McLaren spoke about the handmade nature of the Munich posters. Much of what is assumed to be a photographic technique was painstakingly artworked by hand. This provoked discussion around one of the key differences between 1972 and 2012. Pre-digital era designers would have to trust to their hand far more. Design was more of a physical activity. As part of the Munich 72 Legacy project an exhibition was mounted. Hans Dieter Reichert worked with current students to mount the exhibition and paint onto the walls the supporting graphics.

    Visitors to the exhibition were hitherto unaware of the trials and tribulations the students went through with this new experience of working with their hands, at actual size, in a real three dimensional environment. Even hanging pictures at a consistent height provided a challenge. It was good to hear that the mounting of the exhibition had provided an opportunity for young designers to learn from an older generation. Both generations acknowledged that it was the hand that linked the analogue and digital worlds. Aicher’s own development had been influenced by the students and staff who surrounded him at Ulm. At Ulm Albers, Müller-Brockmann and Bauhaus influences could be encountered. He was also influenced by an attendant philosophy of clarity, simplicity and minimalism. McLaren stated that Aicher’s exposure to Albers’ attitude towards colour influenced the colour application used in the Munich Olympics scheme.

    Aicher developed the notion of the book as a format for exploration. The structure and wayfinding nature of the book (with chapters) enabled him to break down a company’s structure and consider its identity.

    Aicher and ERCO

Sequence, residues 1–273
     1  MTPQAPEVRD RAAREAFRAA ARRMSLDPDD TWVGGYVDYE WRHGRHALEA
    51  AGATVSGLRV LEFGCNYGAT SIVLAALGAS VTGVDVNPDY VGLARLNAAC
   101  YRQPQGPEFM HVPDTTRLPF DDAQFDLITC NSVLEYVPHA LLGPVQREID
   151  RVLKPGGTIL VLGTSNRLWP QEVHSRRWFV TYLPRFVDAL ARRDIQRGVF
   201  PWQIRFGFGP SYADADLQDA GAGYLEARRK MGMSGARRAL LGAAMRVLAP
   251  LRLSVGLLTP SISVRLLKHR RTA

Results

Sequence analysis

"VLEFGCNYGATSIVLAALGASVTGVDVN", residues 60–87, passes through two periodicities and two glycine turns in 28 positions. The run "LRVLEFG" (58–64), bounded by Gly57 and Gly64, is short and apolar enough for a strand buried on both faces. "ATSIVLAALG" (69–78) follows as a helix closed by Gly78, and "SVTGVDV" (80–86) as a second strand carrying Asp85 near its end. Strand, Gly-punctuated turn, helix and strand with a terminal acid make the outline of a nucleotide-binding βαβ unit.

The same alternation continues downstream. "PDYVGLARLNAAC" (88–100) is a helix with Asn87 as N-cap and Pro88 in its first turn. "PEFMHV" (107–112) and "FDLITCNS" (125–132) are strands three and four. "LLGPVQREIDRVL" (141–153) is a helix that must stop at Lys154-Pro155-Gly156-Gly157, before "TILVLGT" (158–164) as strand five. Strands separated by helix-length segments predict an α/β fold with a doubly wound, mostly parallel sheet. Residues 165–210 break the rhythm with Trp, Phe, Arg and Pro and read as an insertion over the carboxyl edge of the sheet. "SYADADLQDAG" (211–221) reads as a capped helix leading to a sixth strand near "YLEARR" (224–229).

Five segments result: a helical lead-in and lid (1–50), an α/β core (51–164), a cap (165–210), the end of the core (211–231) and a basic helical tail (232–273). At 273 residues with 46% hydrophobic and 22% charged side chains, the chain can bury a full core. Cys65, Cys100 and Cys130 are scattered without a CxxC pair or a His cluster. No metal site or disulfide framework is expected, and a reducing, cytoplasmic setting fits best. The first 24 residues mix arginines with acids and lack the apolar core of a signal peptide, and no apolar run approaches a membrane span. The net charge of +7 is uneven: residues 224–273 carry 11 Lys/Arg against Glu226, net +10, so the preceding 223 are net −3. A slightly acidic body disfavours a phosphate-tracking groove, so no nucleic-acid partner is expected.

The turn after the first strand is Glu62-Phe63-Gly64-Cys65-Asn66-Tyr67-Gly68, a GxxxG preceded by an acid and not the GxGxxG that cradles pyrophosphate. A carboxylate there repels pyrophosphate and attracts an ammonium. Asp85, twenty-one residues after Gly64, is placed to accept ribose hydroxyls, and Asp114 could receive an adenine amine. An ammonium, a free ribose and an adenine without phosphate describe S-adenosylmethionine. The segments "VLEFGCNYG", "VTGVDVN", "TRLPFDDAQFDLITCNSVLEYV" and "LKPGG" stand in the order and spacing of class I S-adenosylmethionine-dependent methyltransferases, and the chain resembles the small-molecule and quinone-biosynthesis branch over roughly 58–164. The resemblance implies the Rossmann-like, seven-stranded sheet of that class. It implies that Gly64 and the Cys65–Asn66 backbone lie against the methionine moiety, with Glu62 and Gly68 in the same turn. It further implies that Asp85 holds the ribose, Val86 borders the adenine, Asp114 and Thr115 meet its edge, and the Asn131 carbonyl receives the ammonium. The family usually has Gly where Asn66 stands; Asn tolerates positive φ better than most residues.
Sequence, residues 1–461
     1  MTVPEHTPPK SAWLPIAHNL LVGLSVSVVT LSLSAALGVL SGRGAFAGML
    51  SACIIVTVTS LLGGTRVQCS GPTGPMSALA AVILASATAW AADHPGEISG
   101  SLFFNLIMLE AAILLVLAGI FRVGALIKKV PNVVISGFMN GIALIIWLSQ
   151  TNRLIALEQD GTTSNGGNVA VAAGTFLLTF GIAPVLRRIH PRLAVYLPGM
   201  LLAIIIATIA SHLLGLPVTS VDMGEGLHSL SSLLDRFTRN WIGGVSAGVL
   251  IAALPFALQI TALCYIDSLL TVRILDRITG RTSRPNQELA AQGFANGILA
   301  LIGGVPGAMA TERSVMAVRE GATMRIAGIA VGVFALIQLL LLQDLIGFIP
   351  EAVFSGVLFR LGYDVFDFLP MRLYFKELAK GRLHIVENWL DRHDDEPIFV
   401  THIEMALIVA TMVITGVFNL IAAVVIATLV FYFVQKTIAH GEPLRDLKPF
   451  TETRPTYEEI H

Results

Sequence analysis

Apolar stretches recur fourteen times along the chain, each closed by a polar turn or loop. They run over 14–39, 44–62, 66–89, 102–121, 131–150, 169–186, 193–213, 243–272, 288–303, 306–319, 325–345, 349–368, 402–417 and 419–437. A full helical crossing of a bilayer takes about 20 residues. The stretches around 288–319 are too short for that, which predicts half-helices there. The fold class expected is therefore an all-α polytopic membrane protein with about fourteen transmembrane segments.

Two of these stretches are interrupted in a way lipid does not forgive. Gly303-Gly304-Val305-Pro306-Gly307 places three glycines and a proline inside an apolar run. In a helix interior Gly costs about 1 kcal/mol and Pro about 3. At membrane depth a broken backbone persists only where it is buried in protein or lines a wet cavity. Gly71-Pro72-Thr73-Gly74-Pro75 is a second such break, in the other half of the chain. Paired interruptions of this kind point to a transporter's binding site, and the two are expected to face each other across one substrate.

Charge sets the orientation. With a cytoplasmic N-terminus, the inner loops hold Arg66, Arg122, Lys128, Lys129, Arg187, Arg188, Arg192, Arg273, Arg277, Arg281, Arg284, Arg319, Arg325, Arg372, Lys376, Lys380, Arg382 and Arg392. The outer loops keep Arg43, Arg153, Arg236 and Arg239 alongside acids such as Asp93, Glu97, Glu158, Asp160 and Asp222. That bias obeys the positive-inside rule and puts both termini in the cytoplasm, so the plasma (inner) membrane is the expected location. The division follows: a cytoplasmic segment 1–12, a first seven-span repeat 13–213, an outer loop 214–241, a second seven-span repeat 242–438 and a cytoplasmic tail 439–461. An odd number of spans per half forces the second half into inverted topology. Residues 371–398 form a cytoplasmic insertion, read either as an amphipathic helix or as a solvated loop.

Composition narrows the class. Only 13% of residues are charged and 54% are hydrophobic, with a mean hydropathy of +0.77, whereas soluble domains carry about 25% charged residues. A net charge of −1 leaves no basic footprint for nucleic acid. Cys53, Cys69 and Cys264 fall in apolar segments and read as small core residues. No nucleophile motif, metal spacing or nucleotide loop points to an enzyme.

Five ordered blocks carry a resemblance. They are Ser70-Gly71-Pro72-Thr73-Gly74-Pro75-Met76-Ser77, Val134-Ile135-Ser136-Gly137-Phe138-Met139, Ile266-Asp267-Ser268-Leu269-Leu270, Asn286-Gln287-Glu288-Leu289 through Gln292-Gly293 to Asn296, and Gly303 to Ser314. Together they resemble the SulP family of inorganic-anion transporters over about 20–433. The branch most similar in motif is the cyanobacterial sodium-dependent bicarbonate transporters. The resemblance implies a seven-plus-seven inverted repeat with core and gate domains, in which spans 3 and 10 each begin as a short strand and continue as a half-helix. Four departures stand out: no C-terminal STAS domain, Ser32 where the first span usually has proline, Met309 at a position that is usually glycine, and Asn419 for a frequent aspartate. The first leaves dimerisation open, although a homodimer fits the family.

This part of the symposium was a video interview between Ian McLaren and Klaus J Maack who had previously been a director at ERCO. ERCO is a company that specialises in architectural lighting. Under the design influence of Aicher, ERCO adopted a grid-based scheme with Helvetica as the corporate typeface. Later ERCO was to adopt Rotis as its headline font. The flavour of ERCO’s visual presence was infused by a particular approach to the photography – the perfect medium for evoking the nature of light. The ERCO identity was informed by the approach that had been taken with the Munich Olympics (and by Aicher’s work with Lufthansa prior to 1972 that Maack had been impressed by). The Olympic identity adopted a ‘sunshine’ motif and the Univers typeface which was light and open. Another strong element of the Olympic visual strategy was the use of colour bars within the cultural series of posters evoking the nature of the German landscape. The bars were use to differentiate this series from the sports posters.  The idea of what the Olympics could represent through its graphic representation had been growing from the previous Tokyo and Mexico Olympic schemes. The pictographic ‘matchstick men’ had grown from 21 symbols to 180 symbols. ERCO adopted the development of these symbols and eventually they amounted to 900 in total. The cartography (mapping) was another impressive achievement of the Munich games. Posters were presented on panels that were at 90 degrees angles this allowed for colour combinations to be carefully considered and contrasted from one poster to the other. The ‘posterised’ images with their grain effect were largely done by hand requiring extensive and painstaking hand retouching. The cultural posters used the distinctive banding with superimposed pictorial imagery. These posters were to omit the colour black. There was one controversial exception to this – on the Folklore poster McLaren included black eyes. An argument broke out for which Aicher uncharacteristically stepped in to diffuse the situation ruling in favour of this exception. There were further issues regarding the use of English, an Italian from Brooklyn favouring Americanisms and McLaren holding the flag for pure English. Again McLaren’s view won out.